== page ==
Our first run of the night was at 7:28, a run I’ll remember for a very long time. Steve ‘The Taunter’ Schrab had picked a hot Firebird running 11s as our first match up. Realizing traction was going to be an issue, Tim and I discussed the importance of getting the tires as hot and sticky as we could, so the burnout was spectacular! Tim didn’t waste any time staging so as to keep the tires warm, but when the tree sent him on his way, instead of our usual ‘stick & go’ hole shot, the Zombie instead lit up the G Force drag radials like a funny car! The Firebird got a decent 1.748 second 60 ft., while the Zombie’s fog show gave us a miserable 2.480 second 60 ft. The Firebird left the Zombie far behind and roared on to a quick 11.697 ET, while the Zombie’s tires kept smoking – 40,50,60,70,80 mph and they’re still boiling! I’ve had this car at speed with the tires breaking loose – not a good situation in a short wheel base car, and I knew what was coming next as the blood surely drained from my face. Then it happened. The Zombie pitched sideways then fishtailed as it tried to get away from Tim, but he would have none of that and he expertly kept control of the car. The gasps from the bleachers turned to cheers as the Zombie rocked to a full stop, albeit a bit sideways out on the track. Tim then planted his foot back down to show the car who was boss, and even after coming to a full stop, managed to run 14.553 @ 113.06 mph.
Back in the pit area the Firebird driver joined us, wondering what had happened to the little electric car he was convinced was going to blow him away, as we all tried to regain our composure after such a scary run. Laptop screens were glowing while connected to the Zombie gathering data, but there other things glowing as well – those red LED low volt telltales again. Bruce ‘Doc’ Sherry’s wonderful Manzanita Micro BMS system had the evidence we were looking for and showed that the stout Dow Kokam cells had dipped to 2.44V! What?? It takes HUGE amounts of current to make them dip that low! What was going on here?
We reduced the battery amps and motor amps numbers in Hairball, and sent Tim back to the track, where at 8:12 he was staged at the tree. Things were still not right, as the tires refused to grip, we got another 2+ second 60 ft., and we still could not get back into the 10s with an 11.008 @ 122.28 mph pass. The only good thing was that trap speed of 122 mph, the fastest the Zombie had ever run in the 1/4 mile.
Back in the pit we again saw the red LEDs, but the Dow Kokams had not broken a sweat and were barely warm to the touch. We force-cooled the motor with cold compressed air and looked at data again, Dr. Sherry looking at BMS info and ReVolt’s Mark Farver looking at the DAQ4 Hairball info. Mark tired to tell us about the odd fact he was not seeing ‘any’ amperage readings and that they all came in as ’0′…hmmm. Should have listened to him. Meanwhile, the rest of us ampheads were adjusting tire pressure for the next run.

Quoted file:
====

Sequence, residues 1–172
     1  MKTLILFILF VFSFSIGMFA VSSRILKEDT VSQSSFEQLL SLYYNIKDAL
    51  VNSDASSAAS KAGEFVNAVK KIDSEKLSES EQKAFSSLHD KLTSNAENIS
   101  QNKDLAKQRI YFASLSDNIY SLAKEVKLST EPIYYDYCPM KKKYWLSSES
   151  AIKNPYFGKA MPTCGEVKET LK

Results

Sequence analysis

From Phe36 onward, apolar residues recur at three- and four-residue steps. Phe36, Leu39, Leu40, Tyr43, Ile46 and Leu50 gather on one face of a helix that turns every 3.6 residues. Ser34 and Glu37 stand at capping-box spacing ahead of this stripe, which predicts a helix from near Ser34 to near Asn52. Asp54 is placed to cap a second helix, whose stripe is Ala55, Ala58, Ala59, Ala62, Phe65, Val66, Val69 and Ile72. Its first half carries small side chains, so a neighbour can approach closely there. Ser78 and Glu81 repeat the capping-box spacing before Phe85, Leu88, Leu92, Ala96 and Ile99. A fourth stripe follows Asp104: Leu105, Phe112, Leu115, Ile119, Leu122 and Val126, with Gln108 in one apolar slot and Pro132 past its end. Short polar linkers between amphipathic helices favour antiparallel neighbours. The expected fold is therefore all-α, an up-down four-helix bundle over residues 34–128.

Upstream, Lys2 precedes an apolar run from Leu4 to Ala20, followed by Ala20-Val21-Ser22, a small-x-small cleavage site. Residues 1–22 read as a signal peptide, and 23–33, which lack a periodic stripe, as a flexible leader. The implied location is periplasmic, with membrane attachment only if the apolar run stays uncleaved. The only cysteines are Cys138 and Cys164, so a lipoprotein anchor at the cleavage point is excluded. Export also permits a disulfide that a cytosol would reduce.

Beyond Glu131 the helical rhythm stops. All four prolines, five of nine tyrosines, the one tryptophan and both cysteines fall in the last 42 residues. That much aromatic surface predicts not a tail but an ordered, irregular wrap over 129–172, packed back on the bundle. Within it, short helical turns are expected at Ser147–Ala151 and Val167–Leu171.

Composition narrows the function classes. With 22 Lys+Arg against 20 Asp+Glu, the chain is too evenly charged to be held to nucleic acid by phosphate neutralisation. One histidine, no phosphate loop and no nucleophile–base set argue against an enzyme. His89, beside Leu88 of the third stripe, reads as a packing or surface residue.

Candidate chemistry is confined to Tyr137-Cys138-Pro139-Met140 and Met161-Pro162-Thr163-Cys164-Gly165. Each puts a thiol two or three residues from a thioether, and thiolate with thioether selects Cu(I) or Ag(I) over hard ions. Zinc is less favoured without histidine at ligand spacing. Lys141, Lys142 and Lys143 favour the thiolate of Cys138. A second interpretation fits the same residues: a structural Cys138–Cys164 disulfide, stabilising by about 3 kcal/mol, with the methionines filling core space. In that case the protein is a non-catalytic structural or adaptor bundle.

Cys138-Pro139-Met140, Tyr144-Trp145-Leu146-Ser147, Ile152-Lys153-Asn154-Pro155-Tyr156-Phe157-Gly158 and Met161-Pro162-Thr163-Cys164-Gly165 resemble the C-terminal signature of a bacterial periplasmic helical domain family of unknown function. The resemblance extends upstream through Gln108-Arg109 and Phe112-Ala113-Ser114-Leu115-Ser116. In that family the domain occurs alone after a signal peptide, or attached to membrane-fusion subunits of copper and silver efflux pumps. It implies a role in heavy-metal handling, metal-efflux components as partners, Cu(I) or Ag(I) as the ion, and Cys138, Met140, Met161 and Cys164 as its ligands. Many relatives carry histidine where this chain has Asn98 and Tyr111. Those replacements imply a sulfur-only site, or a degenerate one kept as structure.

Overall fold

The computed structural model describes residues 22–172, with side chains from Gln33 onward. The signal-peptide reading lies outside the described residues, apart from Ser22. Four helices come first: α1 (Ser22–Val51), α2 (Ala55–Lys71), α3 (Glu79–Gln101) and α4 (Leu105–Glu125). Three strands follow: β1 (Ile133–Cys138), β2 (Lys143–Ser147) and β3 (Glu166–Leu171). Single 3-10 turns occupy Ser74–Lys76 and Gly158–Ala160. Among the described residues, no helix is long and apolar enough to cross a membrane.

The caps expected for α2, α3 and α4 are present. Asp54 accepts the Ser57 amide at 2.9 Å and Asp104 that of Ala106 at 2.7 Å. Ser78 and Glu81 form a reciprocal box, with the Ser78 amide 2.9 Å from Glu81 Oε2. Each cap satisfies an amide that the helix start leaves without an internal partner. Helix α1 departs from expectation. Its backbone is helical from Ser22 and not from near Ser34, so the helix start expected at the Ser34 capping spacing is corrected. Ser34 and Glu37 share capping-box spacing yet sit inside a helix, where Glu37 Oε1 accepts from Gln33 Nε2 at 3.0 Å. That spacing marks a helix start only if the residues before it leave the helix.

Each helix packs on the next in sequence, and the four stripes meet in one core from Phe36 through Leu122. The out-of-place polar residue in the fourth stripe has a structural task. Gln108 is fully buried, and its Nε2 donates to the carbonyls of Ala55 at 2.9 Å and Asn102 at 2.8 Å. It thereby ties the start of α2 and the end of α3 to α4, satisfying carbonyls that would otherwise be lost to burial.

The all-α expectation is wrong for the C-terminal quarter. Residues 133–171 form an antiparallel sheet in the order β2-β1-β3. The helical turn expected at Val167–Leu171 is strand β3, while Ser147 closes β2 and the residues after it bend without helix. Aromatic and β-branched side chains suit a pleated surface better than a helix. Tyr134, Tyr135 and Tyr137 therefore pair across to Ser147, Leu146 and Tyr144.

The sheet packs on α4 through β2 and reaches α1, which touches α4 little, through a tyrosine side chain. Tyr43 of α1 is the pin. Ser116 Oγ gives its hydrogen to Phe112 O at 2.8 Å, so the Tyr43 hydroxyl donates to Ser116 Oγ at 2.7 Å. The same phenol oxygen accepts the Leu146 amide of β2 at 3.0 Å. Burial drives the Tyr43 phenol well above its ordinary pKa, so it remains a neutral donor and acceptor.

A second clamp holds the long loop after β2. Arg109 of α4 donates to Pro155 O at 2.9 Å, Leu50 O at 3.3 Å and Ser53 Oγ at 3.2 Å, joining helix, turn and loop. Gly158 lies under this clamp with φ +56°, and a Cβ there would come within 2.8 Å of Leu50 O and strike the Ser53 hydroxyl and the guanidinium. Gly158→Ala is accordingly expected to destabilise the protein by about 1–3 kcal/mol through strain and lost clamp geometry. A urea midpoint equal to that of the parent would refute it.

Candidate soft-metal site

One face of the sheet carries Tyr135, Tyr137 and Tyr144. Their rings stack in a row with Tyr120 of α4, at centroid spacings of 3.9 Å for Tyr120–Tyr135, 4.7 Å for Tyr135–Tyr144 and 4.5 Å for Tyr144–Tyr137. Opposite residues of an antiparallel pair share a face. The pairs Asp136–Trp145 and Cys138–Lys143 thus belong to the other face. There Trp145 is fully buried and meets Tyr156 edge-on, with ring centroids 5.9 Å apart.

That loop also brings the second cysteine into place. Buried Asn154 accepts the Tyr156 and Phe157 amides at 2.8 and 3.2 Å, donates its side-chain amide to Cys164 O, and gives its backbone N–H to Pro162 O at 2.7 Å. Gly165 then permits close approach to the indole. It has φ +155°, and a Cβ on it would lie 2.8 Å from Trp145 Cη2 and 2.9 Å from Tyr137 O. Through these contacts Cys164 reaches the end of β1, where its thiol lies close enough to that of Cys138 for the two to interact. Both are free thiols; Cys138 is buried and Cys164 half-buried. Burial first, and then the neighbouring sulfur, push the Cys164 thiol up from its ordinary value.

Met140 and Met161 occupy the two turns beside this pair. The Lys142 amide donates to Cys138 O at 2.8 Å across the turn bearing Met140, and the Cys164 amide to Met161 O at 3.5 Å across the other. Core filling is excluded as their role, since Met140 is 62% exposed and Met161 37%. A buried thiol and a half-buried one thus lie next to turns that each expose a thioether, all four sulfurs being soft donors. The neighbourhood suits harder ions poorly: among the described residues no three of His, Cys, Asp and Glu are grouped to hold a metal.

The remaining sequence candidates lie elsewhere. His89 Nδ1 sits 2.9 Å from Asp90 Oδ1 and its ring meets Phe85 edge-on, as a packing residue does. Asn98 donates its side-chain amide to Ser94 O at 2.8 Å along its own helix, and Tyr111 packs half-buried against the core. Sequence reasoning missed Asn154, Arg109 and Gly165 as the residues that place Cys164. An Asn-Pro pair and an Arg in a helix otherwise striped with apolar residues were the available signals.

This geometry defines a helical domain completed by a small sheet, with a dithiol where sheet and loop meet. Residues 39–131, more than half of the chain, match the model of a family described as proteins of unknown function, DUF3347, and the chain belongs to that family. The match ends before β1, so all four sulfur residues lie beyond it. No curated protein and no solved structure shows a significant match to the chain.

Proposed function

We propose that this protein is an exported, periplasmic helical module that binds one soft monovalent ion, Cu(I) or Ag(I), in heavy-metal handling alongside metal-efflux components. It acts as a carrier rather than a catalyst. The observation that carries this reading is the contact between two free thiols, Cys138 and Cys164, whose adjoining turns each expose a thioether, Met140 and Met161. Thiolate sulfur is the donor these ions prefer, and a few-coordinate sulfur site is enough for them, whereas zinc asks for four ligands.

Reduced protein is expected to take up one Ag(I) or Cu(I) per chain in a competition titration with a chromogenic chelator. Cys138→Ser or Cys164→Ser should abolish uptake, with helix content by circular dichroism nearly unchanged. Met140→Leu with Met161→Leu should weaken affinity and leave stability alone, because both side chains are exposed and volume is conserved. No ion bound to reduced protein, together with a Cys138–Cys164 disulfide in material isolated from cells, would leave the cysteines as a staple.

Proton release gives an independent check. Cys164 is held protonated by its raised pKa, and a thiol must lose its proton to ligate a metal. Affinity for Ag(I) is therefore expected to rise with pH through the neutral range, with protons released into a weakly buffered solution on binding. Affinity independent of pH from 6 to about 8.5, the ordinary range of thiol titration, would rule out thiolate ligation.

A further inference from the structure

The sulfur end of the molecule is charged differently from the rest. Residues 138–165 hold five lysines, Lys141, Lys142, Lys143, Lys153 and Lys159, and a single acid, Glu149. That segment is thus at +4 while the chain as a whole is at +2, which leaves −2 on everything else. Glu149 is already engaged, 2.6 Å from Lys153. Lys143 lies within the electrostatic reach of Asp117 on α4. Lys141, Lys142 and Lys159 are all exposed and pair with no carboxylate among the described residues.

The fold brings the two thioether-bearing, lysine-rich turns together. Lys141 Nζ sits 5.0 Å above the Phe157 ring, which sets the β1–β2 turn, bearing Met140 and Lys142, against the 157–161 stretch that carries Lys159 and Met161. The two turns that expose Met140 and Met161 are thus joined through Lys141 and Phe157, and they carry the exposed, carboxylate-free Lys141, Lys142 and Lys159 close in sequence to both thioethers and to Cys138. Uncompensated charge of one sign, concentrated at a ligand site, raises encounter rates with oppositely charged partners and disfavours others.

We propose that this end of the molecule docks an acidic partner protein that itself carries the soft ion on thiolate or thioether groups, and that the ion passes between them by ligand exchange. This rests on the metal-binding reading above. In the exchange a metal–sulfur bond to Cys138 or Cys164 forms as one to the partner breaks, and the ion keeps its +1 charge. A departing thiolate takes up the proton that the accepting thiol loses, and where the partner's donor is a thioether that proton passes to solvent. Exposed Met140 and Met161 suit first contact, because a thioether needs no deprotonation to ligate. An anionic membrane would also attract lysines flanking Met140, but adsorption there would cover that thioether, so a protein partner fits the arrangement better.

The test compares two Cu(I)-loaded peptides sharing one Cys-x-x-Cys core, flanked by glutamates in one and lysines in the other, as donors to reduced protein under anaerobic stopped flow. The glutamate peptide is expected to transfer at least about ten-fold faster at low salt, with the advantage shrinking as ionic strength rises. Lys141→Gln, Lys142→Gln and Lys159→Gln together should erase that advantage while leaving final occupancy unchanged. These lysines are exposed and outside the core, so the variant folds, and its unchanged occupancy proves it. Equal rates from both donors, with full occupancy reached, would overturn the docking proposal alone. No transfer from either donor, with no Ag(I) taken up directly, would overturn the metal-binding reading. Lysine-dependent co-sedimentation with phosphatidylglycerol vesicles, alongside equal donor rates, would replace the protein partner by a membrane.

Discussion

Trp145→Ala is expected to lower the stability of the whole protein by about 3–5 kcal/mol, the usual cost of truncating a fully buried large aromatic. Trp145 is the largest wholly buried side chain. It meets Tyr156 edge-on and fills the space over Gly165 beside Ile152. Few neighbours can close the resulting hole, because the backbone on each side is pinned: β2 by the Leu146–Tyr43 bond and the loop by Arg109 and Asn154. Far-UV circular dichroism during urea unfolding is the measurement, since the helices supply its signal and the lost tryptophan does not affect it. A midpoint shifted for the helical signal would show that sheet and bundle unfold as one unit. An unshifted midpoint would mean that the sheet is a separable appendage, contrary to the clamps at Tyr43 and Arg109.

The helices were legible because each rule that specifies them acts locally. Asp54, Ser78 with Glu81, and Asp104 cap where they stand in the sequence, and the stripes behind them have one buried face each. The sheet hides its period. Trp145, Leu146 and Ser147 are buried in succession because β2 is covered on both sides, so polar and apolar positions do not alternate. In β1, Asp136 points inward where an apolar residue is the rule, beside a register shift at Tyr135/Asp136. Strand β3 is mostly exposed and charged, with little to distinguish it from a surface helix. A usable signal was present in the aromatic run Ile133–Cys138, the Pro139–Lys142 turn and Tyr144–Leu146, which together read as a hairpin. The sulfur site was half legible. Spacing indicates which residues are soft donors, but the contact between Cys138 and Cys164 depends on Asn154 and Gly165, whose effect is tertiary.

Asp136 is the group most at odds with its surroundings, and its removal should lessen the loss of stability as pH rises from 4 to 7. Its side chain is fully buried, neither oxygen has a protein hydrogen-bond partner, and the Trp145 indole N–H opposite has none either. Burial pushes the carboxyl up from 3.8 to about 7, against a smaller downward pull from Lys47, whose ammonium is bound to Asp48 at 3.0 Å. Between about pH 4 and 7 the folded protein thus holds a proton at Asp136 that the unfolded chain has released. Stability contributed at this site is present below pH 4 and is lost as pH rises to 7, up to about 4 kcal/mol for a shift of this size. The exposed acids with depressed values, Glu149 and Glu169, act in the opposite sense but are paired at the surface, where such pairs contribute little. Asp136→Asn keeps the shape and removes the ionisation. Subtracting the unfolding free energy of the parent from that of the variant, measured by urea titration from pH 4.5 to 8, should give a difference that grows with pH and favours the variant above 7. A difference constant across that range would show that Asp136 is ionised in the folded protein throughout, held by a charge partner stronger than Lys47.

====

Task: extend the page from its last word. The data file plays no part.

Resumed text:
At 9:26 Tim and the Zombie were back on the line while the rest of us were zipping up our hoodies trying to stay warm. Another poor launch at 2+ seconds 60 ft. and another 1/8 mile at over 7 seconds, but in spite of smoking tires and constant wheel spin we finally got back to the 10s with a 10.846 @ 124.91 mph pass. Though nearly a half second slower than July 30th’s record 10.40 run, we had just raised the bar for an electric street car trap speed and by the narrowest of margins had just missed getting into the 125 mph club! It looked like the decision to go taller to a 3:50 gear ratio was the right choice. Back in the pit area once again, we saw the red LEDs. A quick recharge turned them back off, so again the pack was not depleted in any way…hmmm.
The car was back at the tree at 10.08 for what would be the final run of the night for us. It was just too cold, the track was not being cooperate traction wise, and the Zombie was still a real handful to keep straight. We were all concerned for Tim’s safety and I was ready to pull the plug if things got worse…and they did! I think Roderick Wilde covered this better than I can:
The Zombie had been having massive traction problems all night. Tim was trying to get the tires a bit stickier, but the batteries didn’t care. When he launched it still boiled the the tires until it hit about 80 mph and then came up into one of the best wheelstands I’ve seen in years. It was long and drawn out and came down like the nose on on jetliner on landing, nice and easy, and shot straight forward. It crossed the eighth mile at 108.57 mph. At this time it had left the nitrous enhanced Dodge Charger in the left-over tire smoke from the launch. He crossed the finish line and into the history books as being the first street bodied car on this planet to break 125 mph with a speed of 126.01 mph. This put the car firmly in NEDRA’s Roger Hedlund 125 mph club.
The ET was the best of the night at 10.542 and though the Zombie easily took out the 500+ hp Nitrous Hemi Charger, it was still not as good as we had done back in late July (10.400). As Rod pointed out, we at least set a new number for street EVs in terms of trap speed….still, it’s the ET that counts. After the power wheelstand at speed where the ~ 80 mph wind under the car appeared to have kept the car’s nose floating in the air (visions of the car lifting higher and flipping over), I had seen enough and made the decision we would not be going back out. There was a new forecast calling for mid 70s on Saturday, and with the prospect of a warmer and hopefully stickier track, we were determined to return the next night to get the job done.
To be continued…
See Ya…John ‘Plasma Boy’ Wayland